Wednesday 13 December 2017

€850,000 for family of woman who died after giving birth

Tim Healy

THE family of a 38-year-old woman who died at Mayo General Hospital hours after giving birth to her second child is to be paid €850,000, plus legal costs, by the HSE under a settlement of their High Court action.

Evelyn Flanagan died at the hospital on October 19, 2007, as a result of serious complications following the birth of her daughter, Niamh.







It was alleged she suffered a post-partum haemorrhage as a result of a rupture of the uterus which was not detected or adequately dealt with.



Her husband Padraic (43), of Holyhill, Ballyheane, Castlebar, had brought proceedings against the HSE and a consultant obstetrician, Dr Murtada Mohamed, alleging the care given to his wife at the hospital was substandard and led to her death.



The settlement, ruled this week by Mr Justice Michael Peart, arose following a mediation of the proceedings during which the hospital admitted liability.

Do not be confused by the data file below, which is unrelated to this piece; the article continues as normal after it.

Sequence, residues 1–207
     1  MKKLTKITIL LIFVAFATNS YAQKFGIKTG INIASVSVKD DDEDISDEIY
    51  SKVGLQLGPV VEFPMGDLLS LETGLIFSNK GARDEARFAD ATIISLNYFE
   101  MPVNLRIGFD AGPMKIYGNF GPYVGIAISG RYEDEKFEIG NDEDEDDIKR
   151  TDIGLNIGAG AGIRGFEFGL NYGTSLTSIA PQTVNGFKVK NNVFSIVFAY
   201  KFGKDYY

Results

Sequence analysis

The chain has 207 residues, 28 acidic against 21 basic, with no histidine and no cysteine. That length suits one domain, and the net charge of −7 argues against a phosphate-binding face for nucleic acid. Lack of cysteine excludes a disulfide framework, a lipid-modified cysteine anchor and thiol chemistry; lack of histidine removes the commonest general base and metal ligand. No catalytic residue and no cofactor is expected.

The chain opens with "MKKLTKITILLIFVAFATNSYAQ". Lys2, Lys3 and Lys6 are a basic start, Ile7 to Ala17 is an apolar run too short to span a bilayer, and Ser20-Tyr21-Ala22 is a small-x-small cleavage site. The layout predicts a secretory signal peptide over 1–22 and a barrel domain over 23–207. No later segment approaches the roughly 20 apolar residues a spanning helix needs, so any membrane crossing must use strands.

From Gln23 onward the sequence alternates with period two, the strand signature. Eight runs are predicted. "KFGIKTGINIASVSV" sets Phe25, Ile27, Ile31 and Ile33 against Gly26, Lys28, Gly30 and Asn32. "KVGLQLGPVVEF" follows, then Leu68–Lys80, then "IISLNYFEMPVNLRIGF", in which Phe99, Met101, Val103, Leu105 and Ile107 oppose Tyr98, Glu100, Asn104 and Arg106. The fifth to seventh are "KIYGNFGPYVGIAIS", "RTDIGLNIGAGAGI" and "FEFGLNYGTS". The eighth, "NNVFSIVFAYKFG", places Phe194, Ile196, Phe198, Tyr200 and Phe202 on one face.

The settlement is to be paid by the HSE with the case against Dr Mohamed struck out.



The sum includes payments for two children and the maximum €25,395 payable for mental distress.



In a statement released after the ruling, Mr Flanagan said he welcomed "the acknowledgement of liability by Mayo General Hospital, albeit late in the day."



In legal documents, Mr Flanagan described his wife as "a very healthy, strong individual" and a great mother to the couple's daughters, Niamh (4) and Aisling (7). Mr Flanagan said he was rearing the girls alone and the loss of his wife's companionship and support "has been devastating"



Mr Flanagan is a senior executive officer with Mayo County Council. His wife was also employed with the Council as an Acting Senior Staff Officer at the time of her death.



Although an initial post-mortem report suggested Mrs Flanagan's death was the direct result of an Amniotic Fluid Embolism (AFE), a rare obstetric emergency, the family claimed the sudden deterioration in her condition could be attributed to postpartum hemorrhage.



At inquest proceedings convened by the Coroner for South Mayo, John O'Dwyer, in 2008 and 2009, John Jordan SC, argued on behalf of the family Mrs Flanagan's death could have been avoided by provision of timely and appropriate treatment.



Padraic Flanagan alleged medical staff at Mayo General Hospital failed to detect his wife was bleeding heavily from a tear in her uterus until more than six hours after the birth of their daughter.



The jury returned a verdict of death by medical misadventure.



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